Bond Report: Treasury yields jump even as stocks reel in amid stimulus worries, travel restrictions
U.S. Treasury yields came off their lows on Thursday even as major stock indexes entered a bear market, raising questions around whether investors reeling from losses in the past few weeks were selling Treasurys to free up cash.
Equities took a blow as investors honed in on a lack of swift fiscal stimulus measures, and recently imposed restrictions on travel between the U.S. and Europe.
What did Treasurys do?
The 10-year Treasury note yield
rose 2.5 basis points to 0.842%, while the two-year note rate
was virtually flat at 0.483%. The 30-year bond yield
climbed 9.7 basis points to 1.402%. Bond prices move in the opposite direction of yields.
What’s driving Treasurys?
Stocks sold off after President Donald Trump announced a ban on travel from Europe to the U.S. by foreign nationals to stem the spread of the COVID-19 outbreak, adding to worries that the move could hurt cross-border economic activity.
Analysts say the U.S. government will need to enact more targeted fiscal stimulus measures to arrest the economic damage from the coronavirus epidemic. The lack of an aggressive fiscal response has weighed on investor sentiment this week.
Yet the selling in equities on Thursday did not spark haven bidding for government paper, drawing puzzlement among investors and traders, who suggested the counterintuitive action may have been a result of some investors selling Treasurys to free up cash to handle redemptions or to deal with margin calls.
The S&P 500
and the Nasdaq Composite
slipped into a bear market on Thursday, joining the blue-chip Dow Jones Industrial Average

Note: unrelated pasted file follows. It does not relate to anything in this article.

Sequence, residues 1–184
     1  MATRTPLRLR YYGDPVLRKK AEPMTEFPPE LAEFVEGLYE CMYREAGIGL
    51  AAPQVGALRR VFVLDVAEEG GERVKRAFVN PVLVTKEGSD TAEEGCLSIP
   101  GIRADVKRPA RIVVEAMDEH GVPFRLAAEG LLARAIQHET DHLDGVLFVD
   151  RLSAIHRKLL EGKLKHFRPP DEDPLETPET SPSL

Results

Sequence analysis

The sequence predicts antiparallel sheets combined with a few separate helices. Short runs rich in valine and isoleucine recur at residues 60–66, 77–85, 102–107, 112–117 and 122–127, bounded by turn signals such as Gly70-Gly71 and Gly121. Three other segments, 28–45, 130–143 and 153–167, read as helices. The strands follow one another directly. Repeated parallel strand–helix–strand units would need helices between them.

The Federal Reserve tried to soothe issues in the U.S. bond market on Thursday. It tweaked its asset purchases between mid-March and mid-April, buying not just short-term Treasury bills but bonds across different maturities. The U.S. central bank also said it would deploy an additional $1.5 trillion in longer-term repo financing this week.
The European Central Bank also struggled to calm investor nerves after ECB President Christine Lagarde said her job was not to “close spreads,” a reference to the yield difference between German government bonds and other European sovereign debt.
The ECB, however, did expand its bond-buying program and roll out cheap loans to banks.
What did market participants say?
“This is the complexity of the market. There are moments where part of one institution has to sell and get cash, so they have to liquidate Treasurys,” said Clifton Hill, global macro portfolio manager at Acadian Asset management, in an interview.
“When we’re seeing yields on Treasurys going up at the same time as equity markets are melting down, you’re thinking about what’s up with liquidity in the Treasurys market,” Kevin Giddis, chief fixed-income strategist at Raymond James, told MarketWatch.